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    Accurate information on land use and land cover change (LULCC) is critical for understanding the causes of change and for developing effective policies and strategies to slow and reverse land degradation. In Ethiopia, the speed and scale of LULCC has been accelerated in the last 3–4 decades of the 21st century. The objectives of this study were to assess: (i) the extent of LULCC and normalized difference vegetation index (NDVI) and the link to land degradation; (ii) the causes of LULCC and implication for climate change adaptation. Satellite images analysis was used to detect the change in area and vegetation index, and farmers’ perception to see the magnitude of LULCC dynamics and causes of deforestation. Correlations were made between vegetation index with dry season rainfall and temperature. The analysis of confusion matrix of LULC classification showed 87% accuracy with Kappa coefficient of 0.84. In the period 1986–2016, agriculture and settlement areas have increased by 250% and 618%, respectively. On the other hand, forests and woodlands have decreased by 72% and 84%, respectively. These were also validated with the farmers’ quantification results with similar trends. Different causes have played roles in the dynamics of LULCC. The results showed that vegetation dynamics vary both spatially and temporally against precipitation and temperature. This study informs the need to focus on halting deforestation and development of alternative energy sources. It further helps to design future land management directions, landscape based adaptation and rehabilitation strategies to be considered by policy makers. Keywords: Adaptive and integrated management, Agriculture, Biodiversity, Climate change,landscape management ID: 3599543
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    Assessment of aboveground carbon in a humid forest of Madagascar for better forest management at a local scale
    XV World Forestry Congress, 2-6 May 2022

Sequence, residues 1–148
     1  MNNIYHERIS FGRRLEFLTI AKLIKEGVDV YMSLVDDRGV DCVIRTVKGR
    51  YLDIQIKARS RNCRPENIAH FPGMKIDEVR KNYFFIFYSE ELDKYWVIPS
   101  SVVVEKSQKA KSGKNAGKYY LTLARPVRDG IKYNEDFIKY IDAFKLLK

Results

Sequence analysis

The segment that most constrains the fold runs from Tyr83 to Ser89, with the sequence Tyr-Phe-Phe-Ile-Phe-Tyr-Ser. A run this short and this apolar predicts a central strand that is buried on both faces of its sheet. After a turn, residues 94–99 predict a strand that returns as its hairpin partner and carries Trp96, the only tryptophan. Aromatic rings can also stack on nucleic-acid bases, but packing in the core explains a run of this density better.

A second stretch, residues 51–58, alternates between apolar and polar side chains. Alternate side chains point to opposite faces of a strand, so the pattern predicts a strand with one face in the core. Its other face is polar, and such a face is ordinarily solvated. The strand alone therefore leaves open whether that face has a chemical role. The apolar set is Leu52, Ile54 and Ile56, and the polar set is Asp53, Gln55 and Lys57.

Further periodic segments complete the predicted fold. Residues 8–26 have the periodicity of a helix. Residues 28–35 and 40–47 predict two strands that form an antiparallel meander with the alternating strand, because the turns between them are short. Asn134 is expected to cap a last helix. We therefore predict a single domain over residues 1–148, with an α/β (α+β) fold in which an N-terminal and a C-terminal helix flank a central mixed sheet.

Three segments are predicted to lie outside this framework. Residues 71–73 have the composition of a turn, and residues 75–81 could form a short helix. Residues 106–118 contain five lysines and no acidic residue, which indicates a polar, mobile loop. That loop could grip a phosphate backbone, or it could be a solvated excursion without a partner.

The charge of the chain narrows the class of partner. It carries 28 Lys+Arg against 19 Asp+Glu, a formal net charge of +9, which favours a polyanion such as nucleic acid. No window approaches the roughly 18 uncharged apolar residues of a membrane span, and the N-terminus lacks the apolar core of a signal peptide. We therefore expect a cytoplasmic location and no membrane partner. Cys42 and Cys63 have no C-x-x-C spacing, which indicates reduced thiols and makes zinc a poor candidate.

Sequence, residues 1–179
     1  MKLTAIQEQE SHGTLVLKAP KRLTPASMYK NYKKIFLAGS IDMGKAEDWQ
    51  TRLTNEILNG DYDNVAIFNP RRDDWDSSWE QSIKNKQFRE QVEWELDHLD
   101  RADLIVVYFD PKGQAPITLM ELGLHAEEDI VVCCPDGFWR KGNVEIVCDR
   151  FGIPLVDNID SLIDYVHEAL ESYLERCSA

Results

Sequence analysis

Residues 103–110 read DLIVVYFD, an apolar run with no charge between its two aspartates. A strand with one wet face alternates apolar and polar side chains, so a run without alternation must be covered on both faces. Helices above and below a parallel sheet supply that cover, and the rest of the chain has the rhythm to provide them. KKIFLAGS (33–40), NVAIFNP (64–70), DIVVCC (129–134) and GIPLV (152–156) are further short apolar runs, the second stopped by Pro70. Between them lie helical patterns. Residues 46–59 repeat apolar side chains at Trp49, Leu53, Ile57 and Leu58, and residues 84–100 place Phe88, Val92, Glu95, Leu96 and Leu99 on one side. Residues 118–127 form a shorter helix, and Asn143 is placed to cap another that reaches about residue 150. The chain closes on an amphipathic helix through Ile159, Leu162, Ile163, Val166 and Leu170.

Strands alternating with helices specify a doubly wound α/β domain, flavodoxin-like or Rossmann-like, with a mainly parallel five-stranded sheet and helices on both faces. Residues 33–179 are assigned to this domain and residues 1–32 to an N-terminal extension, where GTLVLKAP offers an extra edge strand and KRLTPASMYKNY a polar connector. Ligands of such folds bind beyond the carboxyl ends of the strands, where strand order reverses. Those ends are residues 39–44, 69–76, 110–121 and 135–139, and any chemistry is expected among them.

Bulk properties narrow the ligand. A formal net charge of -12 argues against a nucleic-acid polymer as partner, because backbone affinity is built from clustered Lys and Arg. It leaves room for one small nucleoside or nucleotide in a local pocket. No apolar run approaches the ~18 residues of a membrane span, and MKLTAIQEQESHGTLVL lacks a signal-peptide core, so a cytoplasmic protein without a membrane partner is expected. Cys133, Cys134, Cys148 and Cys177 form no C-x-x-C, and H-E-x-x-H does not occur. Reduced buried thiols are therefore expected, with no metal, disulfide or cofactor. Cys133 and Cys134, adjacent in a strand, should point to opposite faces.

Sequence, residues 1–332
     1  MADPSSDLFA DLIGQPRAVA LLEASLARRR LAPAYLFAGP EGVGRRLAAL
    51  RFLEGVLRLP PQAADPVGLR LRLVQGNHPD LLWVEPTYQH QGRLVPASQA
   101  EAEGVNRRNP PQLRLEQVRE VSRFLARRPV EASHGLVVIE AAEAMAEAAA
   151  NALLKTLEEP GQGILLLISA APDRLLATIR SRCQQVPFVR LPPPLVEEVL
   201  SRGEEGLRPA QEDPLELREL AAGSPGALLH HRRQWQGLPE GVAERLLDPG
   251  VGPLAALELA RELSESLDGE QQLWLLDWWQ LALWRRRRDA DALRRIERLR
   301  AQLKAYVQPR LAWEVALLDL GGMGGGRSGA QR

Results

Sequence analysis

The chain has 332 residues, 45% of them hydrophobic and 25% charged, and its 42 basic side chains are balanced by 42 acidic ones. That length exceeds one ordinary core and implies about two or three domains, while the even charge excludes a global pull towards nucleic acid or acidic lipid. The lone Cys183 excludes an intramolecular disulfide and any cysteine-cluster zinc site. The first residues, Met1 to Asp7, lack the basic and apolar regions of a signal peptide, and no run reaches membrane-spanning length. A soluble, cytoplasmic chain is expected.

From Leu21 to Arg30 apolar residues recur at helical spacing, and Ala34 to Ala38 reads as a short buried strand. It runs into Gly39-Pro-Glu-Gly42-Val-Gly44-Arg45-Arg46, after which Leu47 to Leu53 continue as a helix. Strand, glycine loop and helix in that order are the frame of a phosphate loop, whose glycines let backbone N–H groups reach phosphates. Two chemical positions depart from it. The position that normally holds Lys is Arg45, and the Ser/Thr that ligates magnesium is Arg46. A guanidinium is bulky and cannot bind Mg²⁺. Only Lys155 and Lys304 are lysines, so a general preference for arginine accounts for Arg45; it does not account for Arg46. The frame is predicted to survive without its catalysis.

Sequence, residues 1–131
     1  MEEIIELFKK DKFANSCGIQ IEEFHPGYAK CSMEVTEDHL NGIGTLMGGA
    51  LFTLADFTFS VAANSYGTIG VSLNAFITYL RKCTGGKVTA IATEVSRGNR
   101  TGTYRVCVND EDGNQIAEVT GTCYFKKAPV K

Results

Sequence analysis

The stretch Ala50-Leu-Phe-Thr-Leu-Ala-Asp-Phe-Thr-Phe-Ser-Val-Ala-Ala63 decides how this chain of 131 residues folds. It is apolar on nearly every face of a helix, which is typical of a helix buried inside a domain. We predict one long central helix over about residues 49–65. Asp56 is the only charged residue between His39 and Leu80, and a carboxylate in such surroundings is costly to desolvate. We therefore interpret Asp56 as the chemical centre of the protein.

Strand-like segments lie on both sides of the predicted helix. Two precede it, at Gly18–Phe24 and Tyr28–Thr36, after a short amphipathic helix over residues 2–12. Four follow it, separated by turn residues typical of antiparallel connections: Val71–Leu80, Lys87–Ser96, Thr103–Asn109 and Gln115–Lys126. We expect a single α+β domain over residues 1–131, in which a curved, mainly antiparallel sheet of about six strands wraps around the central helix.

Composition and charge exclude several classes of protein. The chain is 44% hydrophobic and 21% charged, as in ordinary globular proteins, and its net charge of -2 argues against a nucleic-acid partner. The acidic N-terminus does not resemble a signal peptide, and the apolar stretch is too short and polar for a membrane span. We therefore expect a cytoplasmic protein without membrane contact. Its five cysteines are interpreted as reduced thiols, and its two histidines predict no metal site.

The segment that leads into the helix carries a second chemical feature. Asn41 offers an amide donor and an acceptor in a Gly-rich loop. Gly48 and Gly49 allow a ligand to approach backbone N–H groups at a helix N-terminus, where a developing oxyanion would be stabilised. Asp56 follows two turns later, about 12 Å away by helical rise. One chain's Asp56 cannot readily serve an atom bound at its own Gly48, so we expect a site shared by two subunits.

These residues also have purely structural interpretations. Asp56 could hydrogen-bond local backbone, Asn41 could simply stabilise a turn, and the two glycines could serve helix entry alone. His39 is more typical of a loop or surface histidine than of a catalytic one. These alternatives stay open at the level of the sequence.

2022
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    Carbon quantification in tropical forests is vital for the successful implementation of climate mitigation activities including Reducing Emissions from Deforestation and Forest Degradation (REDD+) and for a better action plan for ecosystem management. Despite several studies in the aboveground carbon of Madagascar forests, studies at the local level are rare. This study, therefore, aims to assess the aboveground biomass (AGB) at the local level in Ankeniheny-Zahamena Forest Corridor (CAZ). Here, local allometric equations were developed to estimate AGB based from the destructive harvest of 54 trees. These equations are then applied to the 1800 trees inventoried in 28 study sites spread over four zones. Thereafter, the influence of climatic (temperature and precipitation) and topographical factors (altitude and slope) on the variability of AGB was analyzed. Hence, the sites were classified according to these two factors via hierachical ascending classification (HAC). Then, the effect of the two factors on the AGB was appreciated by analysis of the variances (ANOVA). The present study estimated aboveground carbon stock varying from 119, 55 ± 24, 11 Mg. ha - 1 to 176, 57 ± 51,91Mg. ha1 considering local equation EqCAZ3. The variability between AGB per zone were observed. The classification showed three bioclimatic classes. Then, climatic and topographic factors have significant effects at p-value 0, 05 on AGB. Furthermore, a significant contribution of biomass in DBH class ≥10cm (p-value <0,001) suggested the importance of growing and mature trees in carbon storage. Thus, the interest of this study was linked in improving and updating the quantification of the AGB in CAZ. These data are crucial to support the activities related to REDD + and to fight against degradation and deforestation. Priority of conservation and protection mainly in the area of Anjahamana by its favorable bioclimatic conditions was recommended. Keywords: aboveground biomass, allometric equation, degradation and deforestation, tropical rainforest, Madagascar ID: 3486668